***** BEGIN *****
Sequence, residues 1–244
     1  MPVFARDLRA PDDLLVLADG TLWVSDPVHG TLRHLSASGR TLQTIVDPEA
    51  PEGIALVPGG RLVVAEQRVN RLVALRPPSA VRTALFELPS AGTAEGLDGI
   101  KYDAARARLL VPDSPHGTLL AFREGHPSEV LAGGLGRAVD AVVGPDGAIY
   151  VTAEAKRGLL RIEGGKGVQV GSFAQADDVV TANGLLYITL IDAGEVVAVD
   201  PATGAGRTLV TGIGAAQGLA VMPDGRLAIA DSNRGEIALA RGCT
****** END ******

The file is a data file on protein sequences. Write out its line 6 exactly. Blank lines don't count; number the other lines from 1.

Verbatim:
   201  PATGAGRTLV TGIGAAQGLA VMPDGRLAIA DSNRGEIALA RGCT